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PGD 2010 - Information Brochure
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Is South America cursed by its natural resources? Does China’s penetration of the region renew the region’s comparative advantage in natural resources? Does South America’s trade specialisation stand in the way of regional integration? This paper tries to answer these questions.
The Social Institutions and Gender Index (SIGI) is a new composite measure of gender equality, based on the OECD Development Centre’s Gender, Institutions and Development Database. Launched in March 2009, it complements and improves existing measures in several ways.
Wikigender is an interactive and community-run project initiated by the OECD Development Centre to facilitate the exchange and improve the knowledge on gender equality-related issues around the world.
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There is an increasing concern in the development community about the increase in the ‘feminisation of bad jobs’ of many developing countries. Indeed, recent analysis shows a growing proportion of women are in jobs with poor working conditions and low pay. But what is driving this phenomenon?
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The shift in global goods production towards Asia is well documented. But global consumer demand has so far been concentrated in the rich economies of the OECD. Will that also shift towards Asia as these countries get richer?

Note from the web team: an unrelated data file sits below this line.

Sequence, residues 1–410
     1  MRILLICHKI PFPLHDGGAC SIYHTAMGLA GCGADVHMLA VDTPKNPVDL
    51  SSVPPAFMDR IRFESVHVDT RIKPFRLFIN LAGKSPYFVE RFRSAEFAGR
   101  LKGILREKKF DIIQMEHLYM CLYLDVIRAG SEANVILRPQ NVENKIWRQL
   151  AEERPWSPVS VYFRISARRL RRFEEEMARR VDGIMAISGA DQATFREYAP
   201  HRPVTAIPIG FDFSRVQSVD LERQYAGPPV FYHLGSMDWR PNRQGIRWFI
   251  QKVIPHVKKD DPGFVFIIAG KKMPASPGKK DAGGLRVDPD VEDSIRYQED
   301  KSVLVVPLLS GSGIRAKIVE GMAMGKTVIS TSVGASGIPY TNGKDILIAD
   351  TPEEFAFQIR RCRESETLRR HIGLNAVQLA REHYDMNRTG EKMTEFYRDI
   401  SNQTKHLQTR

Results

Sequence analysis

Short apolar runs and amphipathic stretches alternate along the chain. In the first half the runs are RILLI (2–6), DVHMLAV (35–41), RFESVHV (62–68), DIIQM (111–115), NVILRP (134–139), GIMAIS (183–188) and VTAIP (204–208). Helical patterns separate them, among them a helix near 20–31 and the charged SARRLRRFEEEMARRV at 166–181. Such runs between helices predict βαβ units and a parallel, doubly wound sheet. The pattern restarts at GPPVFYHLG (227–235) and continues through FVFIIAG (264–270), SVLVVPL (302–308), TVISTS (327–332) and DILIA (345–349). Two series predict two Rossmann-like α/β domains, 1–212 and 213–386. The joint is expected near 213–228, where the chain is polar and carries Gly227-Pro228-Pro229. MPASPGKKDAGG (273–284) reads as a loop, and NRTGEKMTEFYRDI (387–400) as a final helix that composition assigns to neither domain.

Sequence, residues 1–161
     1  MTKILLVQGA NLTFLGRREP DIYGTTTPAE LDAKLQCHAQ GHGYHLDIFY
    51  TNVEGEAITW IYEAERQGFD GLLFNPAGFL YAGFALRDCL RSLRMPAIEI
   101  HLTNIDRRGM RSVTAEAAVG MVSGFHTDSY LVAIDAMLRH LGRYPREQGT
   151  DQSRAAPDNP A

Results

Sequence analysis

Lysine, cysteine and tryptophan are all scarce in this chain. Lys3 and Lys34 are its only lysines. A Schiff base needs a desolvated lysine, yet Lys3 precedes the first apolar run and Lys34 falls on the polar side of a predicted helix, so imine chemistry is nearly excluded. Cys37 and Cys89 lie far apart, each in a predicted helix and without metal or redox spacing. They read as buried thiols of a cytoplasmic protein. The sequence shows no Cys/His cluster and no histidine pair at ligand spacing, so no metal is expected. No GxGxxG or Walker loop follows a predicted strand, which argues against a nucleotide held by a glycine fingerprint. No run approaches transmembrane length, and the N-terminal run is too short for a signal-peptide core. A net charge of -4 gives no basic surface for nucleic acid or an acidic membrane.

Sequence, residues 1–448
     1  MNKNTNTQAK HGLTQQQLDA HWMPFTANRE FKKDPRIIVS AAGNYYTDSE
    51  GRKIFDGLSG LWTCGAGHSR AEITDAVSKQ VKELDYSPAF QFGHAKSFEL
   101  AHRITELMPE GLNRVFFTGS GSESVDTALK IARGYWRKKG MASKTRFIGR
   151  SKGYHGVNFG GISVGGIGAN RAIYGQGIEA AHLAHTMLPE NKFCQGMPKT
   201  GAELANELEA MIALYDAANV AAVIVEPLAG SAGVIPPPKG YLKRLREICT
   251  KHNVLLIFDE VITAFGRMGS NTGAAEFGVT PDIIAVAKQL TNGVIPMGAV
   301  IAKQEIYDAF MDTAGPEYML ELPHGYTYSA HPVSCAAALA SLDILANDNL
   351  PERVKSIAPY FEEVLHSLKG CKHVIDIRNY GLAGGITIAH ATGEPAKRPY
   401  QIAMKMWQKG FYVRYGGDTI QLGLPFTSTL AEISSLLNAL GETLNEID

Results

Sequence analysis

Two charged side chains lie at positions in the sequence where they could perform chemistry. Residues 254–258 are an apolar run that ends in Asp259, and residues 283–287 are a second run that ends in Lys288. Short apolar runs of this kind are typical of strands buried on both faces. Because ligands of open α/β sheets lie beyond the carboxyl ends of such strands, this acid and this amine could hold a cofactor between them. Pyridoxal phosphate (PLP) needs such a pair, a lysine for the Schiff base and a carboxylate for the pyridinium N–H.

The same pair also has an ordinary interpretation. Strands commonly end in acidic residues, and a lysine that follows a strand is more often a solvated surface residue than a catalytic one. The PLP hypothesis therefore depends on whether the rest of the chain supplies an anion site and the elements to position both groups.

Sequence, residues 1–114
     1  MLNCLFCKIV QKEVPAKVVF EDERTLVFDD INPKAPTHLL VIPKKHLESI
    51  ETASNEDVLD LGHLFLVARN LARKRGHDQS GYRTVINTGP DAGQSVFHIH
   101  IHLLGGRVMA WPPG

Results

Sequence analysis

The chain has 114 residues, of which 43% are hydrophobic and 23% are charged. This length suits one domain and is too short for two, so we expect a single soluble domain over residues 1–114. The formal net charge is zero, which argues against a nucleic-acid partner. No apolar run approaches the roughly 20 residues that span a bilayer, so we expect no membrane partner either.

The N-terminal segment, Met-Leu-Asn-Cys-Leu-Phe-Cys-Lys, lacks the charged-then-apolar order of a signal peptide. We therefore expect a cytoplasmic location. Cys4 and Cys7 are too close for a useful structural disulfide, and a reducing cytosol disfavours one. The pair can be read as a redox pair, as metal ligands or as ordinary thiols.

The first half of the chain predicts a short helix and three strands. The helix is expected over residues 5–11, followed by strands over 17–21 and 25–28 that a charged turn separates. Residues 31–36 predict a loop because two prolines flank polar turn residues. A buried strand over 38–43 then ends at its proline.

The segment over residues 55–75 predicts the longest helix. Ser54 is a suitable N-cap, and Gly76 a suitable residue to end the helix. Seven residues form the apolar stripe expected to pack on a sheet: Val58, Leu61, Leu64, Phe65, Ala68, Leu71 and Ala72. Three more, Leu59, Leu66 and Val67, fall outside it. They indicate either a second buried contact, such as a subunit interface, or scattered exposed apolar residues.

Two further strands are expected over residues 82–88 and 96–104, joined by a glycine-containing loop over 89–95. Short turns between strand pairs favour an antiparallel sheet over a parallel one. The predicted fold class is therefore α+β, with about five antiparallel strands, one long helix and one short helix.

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Past studies focused on aggregate country data but a sector analysis provides a better picture of fragmentation. We start by counting the number of aid projects in the developing world and find that, in 2007, more
World Economy mini-symposium, co-edited by Development Centre economists, presents findings about the economic impact of China and India in Saharan African countries by Africa-based economists.
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Workshop on 'Equality, Poverty Reduction and Sustainable Development' in Helsinki, Finland, 1-2 December 2009. Organised by the Ministry for Foreign Affairs of Finland and the OECD Development Centre.
The median inflation rate in South Asia is more than twice that of Latin America & the Caribbean. Should South Asia’s policymakers wonder whether they are doing something wrong? Eliana Cardoso, OECD Non-Residential Fellow and Chief Economist, South Asia Region, World Bank